Asian stocks falter, oil in another price drop

Markets in Asia opened lower on Thursday as investors dealt with the seemingly diminishing ability of major central banks to stimulate growth, while a dip in crude oil aggravated already heightened risk aversion.

Japan’s Nikkei .N225 went down 0.66 percent and the Australian stocks shed 0.1 percent. South Korea’s Kospi .KS11 was little changed.

The heavy Asian start followed a futile performance on Wall Street where the Dow .DJI lost 0.2 percent and the S&P 500 .SPX shed 0.1 percent, with confusion over future interest rate hikes and lower energy shares weighing.

In the currency market, the dollar trimmed down against a basket of currencies, with the dollar index at 95.372, compared to levels near 95.662 touched during Asian hours.

Japanese yen strengthened against the dollar, trading at $102.35 as of 6:42 am HK/SIN, compared to Wednesday’s afternoon local time with levels near 103.29.

Then Australian dollar traded slightly higher at $0.7479, compared to its last close at $0.7466, but lower levels above $0.7500 the pair traded at in the previous week.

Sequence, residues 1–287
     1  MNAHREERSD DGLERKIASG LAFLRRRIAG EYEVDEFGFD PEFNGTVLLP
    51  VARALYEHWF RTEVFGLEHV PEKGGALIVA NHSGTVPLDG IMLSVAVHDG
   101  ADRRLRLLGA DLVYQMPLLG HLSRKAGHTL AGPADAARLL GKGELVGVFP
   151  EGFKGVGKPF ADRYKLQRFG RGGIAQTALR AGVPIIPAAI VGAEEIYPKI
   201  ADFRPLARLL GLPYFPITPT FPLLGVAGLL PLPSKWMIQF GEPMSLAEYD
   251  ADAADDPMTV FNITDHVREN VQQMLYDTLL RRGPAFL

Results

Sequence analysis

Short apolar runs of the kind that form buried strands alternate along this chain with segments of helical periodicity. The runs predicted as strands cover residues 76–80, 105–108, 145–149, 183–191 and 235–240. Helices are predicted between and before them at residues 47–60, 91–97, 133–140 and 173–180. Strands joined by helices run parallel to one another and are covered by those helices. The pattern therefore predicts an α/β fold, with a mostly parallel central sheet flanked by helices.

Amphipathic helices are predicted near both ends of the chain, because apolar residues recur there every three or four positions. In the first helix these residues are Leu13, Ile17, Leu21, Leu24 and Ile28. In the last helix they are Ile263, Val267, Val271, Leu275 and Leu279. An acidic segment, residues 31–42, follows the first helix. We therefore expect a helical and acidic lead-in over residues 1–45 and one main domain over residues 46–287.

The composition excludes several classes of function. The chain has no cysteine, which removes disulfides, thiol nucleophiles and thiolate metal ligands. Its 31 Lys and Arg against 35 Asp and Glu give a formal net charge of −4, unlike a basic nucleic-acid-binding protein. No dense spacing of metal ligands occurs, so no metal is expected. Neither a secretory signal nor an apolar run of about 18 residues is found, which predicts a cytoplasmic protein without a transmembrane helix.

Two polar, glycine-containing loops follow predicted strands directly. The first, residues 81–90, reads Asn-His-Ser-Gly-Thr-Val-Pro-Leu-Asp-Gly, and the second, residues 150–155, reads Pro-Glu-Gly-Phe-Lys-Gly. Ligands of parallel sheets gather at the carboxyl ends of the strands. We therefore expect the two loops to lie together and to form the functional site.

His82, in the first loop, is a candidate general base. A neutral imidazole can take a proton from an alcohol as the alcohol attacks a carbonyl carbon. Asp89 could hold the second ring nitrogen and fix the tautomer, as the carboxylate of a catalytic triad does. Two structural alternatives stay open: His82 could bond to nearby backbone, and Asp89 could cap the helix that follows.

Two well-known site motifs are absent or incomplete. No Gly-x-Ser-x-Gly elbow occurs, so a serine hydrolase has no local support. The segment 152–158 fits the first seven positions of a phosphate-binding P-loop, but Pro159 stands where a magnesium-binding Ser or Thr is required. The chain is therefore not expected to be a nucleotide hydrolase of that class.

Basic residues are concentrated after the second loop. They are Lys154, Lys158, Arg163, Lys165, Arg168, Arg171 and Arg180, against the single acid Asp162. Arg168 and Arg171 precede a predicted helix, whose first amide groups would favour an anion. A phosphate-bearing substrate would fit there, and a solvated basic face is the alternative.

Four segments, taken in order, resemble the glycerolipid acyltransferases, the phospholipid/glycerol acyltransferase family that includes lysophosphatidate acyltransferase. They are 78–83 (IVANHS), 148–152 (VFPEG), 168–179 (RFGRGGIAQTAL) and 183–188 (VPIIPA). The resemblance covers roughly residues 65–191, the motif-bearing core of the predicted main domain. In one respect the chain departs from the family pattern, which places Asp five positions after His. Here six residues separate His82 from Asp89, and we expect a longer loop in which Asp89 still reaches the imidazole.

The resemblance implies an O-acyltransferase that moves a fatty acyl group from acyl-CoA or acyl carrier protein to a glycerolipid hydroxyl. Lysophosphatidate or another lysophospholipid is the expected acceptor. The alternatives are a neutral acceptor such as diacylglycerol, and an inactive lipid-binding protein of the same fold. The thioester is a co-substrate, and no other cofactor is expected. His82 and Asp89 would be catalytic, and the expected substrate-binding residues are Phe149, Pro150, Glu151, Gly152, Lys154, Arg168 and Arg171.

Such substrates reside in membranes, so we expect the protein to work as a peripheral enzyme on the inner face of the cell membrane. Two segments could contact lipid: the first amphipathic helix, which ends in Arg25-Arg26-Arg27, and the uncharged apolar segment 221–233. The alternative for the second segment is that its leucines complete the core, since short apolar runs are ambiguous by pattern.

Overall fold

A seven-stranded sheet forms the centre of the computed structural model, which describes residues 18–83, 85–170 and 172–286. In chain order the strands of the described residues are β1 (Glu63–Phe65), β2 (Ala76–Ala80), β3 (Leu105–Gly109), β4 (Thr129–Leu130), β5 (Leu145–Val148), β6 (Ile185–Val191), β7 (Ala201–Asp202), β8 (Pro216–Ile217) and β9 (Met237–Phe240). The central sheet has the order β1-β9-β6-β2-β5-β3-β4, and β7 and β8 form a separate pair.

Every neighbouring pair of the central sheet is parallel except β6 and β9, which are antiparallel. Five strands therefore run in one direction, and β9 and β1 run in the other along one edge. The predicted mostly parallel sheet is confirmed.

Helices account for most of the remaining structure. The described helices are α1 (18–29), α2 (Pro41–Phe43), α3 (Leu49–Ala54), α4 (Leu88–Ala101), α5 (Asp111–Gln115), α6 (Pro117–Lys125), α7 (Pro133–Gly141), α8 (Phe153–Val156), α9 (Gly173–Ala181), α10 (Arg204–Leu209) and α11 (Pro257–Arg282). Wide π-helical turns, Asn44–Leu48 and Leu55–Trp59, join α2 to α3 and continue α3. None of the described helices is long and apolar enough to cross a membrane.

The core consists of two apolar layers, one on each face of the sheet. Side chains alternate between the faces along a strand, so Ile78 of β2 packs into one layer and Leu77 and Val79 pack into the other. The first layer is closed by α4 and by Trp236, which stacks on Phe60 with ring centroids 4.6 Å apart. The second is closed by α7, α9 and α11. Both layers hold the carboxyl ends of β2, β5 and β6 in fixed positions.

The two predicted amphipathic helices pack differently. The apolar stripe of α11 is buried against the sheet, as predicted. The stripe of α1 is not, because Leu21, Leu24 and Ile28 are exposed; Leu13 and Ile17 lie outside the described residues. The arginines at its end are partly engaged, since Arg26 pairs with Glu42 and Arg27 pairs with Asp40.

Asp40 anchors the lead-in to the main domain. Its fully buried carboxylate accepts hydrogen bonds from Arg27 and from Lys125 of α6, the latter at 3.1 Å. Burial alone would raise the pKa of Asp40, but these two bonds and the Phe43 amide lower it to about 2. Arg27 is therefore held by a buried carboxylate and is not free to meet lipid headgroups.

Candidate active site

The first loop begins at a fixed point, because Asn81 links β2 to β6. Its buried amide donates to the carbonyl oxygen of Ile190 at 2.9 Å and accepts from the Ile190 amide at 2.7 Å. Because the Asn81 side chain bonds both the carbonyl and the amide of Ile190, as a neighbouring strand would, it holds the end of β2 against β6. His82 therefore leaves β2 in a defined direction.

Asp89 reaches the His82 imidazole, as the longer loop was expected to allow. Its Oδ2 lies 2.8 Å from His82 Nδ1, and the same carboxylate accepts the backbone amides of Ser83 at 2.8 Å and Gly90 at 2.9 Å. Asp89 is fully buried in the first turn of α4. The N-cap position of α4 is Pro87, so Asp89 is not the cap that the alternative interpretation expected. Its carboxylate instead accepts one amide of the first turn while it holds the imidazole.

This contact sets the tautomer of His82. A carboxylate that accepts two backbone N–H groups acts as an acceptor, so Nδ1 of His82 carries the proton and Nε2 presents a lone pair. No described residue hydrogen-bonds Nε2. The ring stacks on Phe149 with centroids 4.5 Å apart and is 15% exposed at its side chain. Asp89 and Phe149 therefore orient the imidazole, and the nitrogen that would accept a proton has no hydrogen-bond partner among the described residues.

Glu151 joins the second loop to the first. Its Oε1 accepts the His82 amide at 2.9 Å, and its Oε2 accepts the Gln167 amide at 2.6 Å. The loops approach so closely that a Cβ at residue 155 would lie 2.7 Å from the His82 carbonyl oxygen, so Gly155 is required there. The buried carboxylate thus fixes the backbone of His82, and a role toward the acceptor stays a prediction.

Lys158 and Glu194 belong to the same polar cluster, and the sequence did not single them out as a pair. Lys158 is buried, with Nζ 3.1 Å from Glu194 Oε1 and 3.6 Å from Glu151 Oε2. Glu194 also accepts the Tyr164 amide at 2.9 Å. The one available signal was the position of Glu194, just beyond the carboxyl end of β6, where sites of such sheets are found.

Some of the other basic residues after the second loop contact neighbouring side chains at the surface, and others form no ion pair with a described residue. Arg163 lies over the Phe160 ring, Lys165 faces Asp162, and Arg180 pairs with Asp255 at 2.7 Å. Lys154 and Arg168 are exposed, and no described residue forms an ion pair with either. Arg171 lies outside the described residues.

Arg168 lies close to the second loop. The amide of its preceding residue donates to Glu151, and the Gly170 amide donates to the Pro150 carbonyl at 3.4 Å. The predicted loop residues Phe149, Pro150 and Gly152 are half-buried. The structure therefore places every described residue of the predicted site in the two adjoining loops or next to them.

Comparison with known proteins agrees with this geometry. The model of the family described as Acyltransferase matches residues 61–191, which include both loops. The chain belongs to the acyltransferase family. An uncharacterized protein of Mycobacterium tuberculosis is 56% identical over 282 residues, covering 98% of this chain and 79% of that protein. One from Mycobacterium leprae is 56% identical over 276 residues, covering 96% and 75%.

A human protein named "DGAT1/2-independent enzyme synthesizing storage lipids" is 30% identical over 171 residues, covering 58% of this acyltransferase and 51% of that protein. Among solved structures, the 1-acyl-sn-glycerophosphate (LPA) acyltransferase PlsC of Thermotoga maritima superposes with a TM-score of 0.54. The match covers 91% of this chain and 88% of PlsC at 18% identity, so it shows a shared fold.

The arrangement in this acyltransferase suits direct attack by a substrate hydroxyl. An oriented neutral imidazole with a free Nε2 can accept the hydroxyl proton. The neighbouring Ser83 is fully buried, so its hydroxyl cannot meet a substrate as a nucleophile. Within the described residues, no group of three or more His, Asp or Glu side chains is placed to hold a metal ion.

U.S. crude futures slipped 2.9 percent to $43.58 in the U.S. session, after dropping 3 percent on Tuesday. Global benchmark Brent crude fell 2.7 percent.

Fast-food meals becoming a headache for Japanese Central Bank

Japan’s fast-food chains have lowered the price of their menus over the last 6 months, with McDonald’s Japan unit, Burger King Japan, and Yoshinoya Holdings Co. offering cheaper deals and lunchtime specials.

The lowering of prices became a worrying sign for the central bank as it tries to bring about inflation.

McDonald’s rolled out a new weekday lunchtime combo set earlier this month. The combo set includes a burger and a small-sized drink for 400 yen ($3.90). Burger king introduced a 490 yen meal set complete with a burger, small fries and a drink. Beef bowl chain Yoshinoya in April brought back its pork bowl priced at 50 yen cheaper than its beef counterpart. Sushi restaurant chain Kappa Create Co. began a campaign in March to cut the price on its 108 yen sushi dishes to 97 yen on weekdays.

“Gasoline and other energy-related prices are falling, which makes it easier for the restaurant sector to lower their prices as well,” said by Hiroshi Miyazaki, senior economist at Mitsubishi UFJ Morgan Stanley Securities Co. “ I suspect the BOJ, going into the September meeting, would be thinking about how it can bring back consumers who are starting  to develop a deflationary mindset.”

Mitsushige Akino, an executive officer at Ichiyoshi Asset Management said that deflationary pressures in the fast food industry will likely persist in the predictable future. Restaurants will thus face a period of cut throat competition.